There are local examples to study; indeed, there’s a new wave of Chinese food brands is seeking to replicate earlier successes seen in the current wave of F&B innovation. Among them is “Zhou Hei Ya,” which has become an instantly recognizable name by turning braised duck into a premium snack food sold in packaged form online and in stores around China. Now Zhou Hei Ya, which has also launched crayfish products, has teamed up with Chinese venture capital firm Tiantu Capital to launch a CNY 3 billion (USD 451.6 million, EUR 384.6 million) fund targeted at China’s consumer sector. Tiantu has sunk its claws deep into the sector, having also invested CNY 290 million (USD 43.7 million, EUR 37.2 million) into Freshmarket, an online food ordering platform. Zhou Hei Ya, meanwhile, showed net profits of more than USD 100 million (EUR 85.2 million) last year, growing sharply by clever use of online marketing targeted at young consumers.
The traditional giants of China’s convenience foods business, names like Tingyi and Want Want (both purveyors of instant noodles, which in another era dominated China’s snack market), have struggled as smart, well-researched F&B start-ups have tapped into changing Chinese consumer tastes with promises of healthy food and transparent food production processes. No surprise that new grocery chains Super Species and Alibaba’s Hema Xiansheng – and now electronic retailing conglomerate Suning– allow customers to choose their food from the floor and then watch it as it’s prepared behind glass-wall kitchens. Staff at Hema are trained to smile and be helpful – a relatively new concept in China’s F&B sector.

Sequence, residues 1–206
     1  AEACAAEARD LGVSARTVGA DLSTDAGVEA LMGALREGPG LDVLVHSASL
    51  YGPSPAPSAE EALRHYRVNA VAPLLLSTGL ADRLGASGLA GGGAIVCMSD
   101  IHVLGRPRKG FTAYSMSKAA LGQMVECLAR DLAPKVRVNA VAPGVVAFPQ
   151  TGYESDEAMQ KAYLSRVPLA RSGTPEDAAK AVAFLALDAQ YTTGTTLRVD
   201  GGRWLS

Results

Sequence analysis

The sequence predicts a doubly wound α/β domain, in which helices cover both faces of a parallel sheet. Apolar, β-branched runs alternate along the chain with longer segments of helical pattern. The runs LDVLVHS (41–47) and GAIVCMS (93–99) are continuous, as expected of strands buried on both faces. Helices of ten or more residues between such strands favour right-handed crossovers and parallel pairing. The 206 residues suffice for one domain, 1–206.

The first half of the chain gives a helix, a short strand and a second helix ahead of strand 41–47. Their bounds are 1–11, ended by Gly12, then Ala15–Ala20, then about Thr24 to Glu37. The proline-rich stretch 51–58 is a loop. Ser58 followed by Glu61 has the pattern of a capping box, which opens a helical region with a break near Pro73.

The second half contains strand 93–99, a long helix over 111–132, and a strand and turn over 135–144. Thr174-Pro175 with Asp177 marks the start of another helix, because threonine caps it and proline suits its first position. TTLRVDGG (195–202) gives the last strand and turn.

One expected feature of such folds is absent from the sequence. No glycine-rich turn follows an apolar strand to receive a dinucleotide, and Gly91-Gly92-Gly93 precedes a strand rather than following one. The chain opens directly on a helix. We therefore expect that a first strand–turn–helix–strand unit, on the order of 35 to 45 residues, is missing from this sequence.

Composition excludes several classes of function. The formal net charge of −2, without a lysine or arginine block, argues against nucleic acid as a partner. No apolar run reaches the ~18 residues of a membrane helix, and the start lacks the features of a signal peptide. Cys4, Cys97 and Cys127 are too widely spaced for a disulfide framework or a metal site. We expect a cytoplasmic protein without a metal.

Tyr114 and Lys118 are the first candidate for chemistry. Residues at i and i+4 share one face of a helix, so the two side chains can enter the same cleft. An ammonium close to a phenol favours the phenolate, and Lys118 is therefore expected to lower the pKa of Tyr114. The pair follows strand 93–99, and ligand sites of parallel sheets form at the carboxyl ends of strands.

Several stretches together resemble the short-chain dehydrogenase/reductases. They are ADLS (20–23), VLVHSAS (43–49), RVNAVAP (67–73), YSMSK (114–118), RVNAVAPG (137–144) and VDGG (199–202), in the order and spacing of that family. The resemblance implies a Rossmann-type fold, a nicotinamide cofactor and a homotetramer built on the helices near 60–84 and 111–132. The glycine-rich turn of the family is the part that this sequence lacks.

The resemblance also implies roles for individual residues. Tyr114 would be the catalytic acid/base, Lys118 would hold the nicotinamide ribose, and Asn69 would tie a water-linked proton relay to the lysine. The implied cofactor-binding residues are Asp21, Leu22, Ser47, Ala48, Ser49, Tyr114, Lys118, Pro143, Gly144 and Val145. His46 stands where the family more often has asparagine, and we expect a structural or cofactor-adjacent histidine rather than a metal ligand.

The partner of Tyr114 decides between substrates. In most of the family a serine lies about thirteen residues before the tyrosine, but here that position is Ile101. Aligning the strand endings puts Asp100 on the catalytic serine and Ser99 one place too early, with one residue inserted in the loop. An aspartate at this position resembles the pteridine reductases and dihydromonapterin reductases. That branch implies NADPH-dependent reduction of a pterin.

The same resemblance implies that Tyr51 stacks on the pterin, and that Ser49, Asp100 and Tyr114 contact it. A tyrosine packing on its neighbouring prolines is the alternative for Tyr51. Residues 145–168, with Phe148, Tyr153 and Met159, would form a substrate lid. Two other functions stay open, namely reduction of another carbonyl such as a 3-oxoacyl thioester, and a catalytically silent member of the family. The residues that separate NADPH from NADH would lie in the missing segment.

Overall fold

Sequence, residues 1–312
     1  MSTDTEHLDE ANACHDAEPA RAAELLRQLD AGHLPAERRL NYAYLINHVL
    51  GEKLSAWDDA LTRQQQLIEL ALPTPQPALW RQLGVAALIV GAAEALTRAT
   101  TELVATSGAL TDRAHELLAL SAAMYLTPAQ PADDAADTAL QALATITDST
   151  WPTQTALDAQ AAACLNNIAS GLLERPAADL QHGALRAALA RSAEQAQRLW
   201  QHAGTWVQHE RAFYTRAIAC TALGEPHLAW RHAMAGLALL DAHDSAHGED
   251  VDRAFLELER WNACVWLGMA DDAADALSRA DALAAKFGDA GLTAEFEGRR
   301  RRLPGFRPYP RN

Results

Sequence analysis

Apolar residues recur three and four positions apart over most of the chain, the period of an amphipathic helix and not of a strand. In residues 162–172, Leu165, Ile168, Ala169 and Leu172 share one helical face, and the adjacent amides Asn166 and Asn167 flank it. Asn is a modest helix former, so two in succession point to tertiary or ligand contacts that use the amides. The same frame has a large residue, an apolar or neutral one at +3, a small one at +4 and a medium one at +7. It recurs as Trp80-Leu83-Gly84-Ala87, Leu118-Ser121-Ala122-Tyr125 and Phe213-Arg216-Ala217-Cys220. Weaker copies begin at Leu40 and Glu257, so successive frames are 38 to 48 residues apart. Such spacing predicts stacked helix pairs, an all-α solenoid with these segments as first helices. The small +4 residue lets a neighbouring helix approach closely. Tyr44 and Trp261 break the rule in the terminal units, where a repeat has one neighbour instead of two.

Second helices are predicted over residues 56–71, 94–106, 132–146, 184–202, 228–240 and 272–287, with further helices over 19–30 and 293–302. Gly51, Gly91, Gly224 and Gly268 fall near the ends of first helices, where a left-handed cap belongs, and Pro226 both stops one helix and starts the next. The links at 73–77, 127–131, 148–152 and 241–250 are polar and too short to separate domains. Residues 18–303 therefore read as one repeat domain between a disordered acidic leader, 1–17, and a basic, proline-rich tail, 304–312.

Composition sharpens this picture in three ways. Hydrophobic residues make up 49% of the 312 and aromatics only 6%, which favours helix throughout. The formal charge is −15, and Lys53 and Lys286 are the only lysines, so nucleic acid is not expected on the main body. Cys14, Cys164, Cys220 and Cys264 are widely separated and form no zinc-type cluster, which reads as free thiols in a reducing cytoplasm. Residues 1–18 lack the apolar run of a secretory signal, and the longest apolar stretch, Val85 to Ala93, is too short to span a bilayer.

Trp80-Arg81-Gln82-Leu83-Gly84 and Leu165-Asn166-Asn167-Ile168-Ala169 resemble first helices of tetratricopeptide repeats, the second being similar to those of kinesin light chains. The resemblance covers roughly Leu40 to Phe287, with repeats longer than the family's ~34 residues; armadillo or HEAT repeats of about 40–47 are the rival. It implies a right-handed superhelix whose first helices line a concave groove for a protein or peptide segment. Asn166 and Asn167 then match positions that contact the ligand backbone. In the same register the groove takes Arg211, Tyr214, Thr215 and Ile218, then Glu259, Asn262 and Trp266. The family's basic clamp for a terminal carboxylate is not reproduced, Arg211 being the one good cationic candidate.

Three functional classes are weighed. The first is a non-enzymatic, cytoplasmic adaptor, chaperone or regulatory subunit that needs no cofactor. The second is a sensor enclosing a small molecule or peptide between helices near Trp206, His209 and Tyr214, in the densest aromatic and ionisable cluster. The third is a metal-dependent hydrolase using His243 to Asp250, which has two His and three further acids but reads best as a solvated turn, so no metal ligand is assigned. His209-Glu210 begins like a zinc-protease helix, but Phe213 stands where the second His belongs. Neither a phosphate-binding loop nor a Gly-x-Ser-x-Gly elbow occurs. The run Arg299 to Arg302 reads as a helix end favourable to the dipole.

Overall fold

All of this shows Chinese consumers are open to new ideas when it comes to the food they eat and how they eat it. Seafood exporters have the product, but there’s an opportunity bigger than simply supplying it to a Chinese middleman who pockets the bigger share of the margin. There’s plenty of space in the market for new ideas. Now is the time to do it, as China urbanizes in the coming decade.
The double-digit economic growth of the past decades has passed and the current growth will wind down as the economy matures. Growth in average disposable income (6.6 percent) fell behind GDP growth (6.8 percent) in the first quarter of this year, another sign of a steadily maturing (but still relatively fast-growing) economy. Rising incomes, urbanization, and a better-traveled Chinese populace that is getting more open-minded regarding new concepts are all reasons why investors are itching to invest in consumption-related stories.
The time to act is now.
Photo courtesy of Yonghui Superstores Co.